Artistic craftmanship is a must, for tools are insufficient. In fact, the moment the artist stops refining his skills, his art decays.

As my beta readers worked (and keep working) through my current novel in progress, they kept critiquing the dialog in ways that echo the critiques of a long-term beta of mine. He often said that my kids are geniuses and my adults are idiots. At the time of writing this, much of my fourth novel is communicated through dialectic abstractions rather than something like real conversation.

Pause.

At the same time, I’ve been talking with a counselor in Manhattan about some of the more traumatic things that happened to me and that I caused to happen over the course of my life. In the process, he’s getting me to admit (finally) that I tend to intellectualize my inner life, turning it all into abstractions rather than talking about it head-on.

Now before I go further, I’d like to mention two things. One is that I’m working on an article that I hope the staff at The Millions will like, but even if they don’t, I’ll still post it here in a few weeks. The article shows that whatever we encounter in a work of fiction, we do not encounter the person of the author. I’m not looking to argue the point here — that’s the article’s job — so let’s just say I’ve made that assumption.

When I say I’ve discovered this bad habit in my personal conversation and that it makes a clean counterpoint with a weakness in my writing, I doubt that the reverse can be concluded: therefore, fiction is memoir or autobiographical.

What is true, however, is that bad habits in life translate into bad habits in artistic craftsmanship. As I learn to express things simply as a normal person, I’m learning to do so in my fiction. And my dialog is improving.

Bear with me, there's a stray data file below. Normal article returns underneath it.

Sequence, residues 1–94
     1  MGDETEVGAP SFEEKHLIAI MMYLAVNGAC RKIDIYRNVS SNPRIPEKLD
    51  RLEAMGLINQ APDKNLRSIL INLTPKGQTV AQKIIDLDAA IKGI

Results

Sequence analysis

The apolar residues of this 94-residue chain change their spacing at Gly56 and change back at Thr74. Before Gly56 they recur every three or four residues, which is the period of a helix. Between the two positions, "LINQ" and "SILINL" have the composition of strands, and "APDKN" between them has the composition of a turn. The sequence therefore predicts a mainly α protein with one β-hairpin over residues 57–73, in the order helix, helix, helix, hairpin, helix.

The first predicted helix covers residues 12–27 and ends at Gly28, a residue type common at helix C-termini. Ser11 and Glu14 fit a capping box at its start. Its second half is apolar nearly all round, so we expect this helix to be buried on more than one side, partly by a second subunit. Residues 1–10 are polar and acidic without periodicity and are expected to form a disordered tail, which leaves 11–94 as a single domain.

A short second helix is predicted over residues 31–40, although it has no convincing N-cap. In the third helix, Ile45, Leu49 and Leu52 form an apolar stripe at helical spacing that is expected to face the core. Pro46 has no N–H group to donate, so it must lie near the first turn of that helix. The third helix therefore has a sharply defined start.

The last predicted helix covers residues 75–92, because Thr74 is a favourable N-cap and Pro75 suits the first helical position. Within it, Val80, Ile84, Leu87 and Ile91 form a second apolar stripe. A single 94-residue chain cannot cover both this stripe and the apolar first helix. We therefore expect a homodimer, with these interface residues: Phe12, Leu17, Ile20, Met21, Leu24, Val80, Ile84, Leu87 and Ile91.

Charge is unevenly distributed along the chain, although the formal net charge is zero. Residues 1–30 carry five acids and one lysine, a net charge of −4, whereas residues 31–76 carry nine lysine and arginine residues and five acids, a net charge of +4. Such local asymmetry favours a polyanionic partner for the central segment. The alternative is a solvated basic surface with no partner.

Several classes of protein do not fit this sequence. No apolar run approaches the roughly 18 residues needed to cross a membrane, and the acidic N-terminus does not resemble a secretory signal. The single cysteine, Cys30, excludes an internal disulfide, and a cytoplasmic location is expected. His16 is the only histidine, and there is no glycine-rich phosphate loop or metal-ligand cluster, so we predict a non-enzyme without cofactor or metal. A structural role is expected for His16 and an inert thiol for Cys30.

But there’s also the practice side of things. McKee says it this way in Story ::

If your dream were to compose music, would you say to yourself: ‘I’ve heard a lot of symphonies… I can also play the piano… I think I’ll knock one out this weekend’ ? No. But that’s exactly how many screenwriters begin: “I’ve seen a lot of flicks, some good and some bad… I got A’s in English… vacation time’s coming…”

If you hoped to compose, you’d head for music school to study both theory and practice, focusing on the genre of symphony. After years of diligence, you’d merge your knowledge with your creativity, flex your courage, and venture to compose. Too many struggling writers never suspect that the creation of a fine screenplay is as difficult as the creation of a symphony, and in some ways more so. Fore while the composer scores with the mathematical purity of notes, we dip into the messy stuff known as human nature.

The novice plunges ahead, counting solely on experience, thinking that the life he’s lived and the films he’s seen give him something to say and the way to say it. Experience, however, is overrated. Of course we want writers who don’t hide from life, who live deeply, observe closely. This is vital but never enough. For most writers, the knowledge they gain from reading and study equals or outweighs experience, especially if that experience goes unexamined. Self-knowledge is the key — life plus deep reflection on our reactions to life.

As for technique, what the novice mistakes for craft is simply his unconscious absorption of story elements from every novel, film, or play he’s ever encountered. As he writes, he matches his work by trial and error against a model built up from accumulated reading and watching. The unschooled writer calls this ‘instinct,’ but it’s merely habit and it’s rigidly limiting. He either imitates his mental prototype or imagines himself in the avant-garde and rebels against it. But the haphazard groping toward or revolt against the sum of unconsciously ingrained repetitions is not, in any sense, technique, and leads to screenplays clogged with clichés of either the commercial or the art house variety.

This hit-or-miss struggle wasn’t always the case. In decades past screenwriters learned their craft either through university study or on their own in a library, through experience in the theatre or in writing novels, through apprenticeship to the Hollywood studio system, or through a combination of these means.

McKee goes on, but that’ll do for now.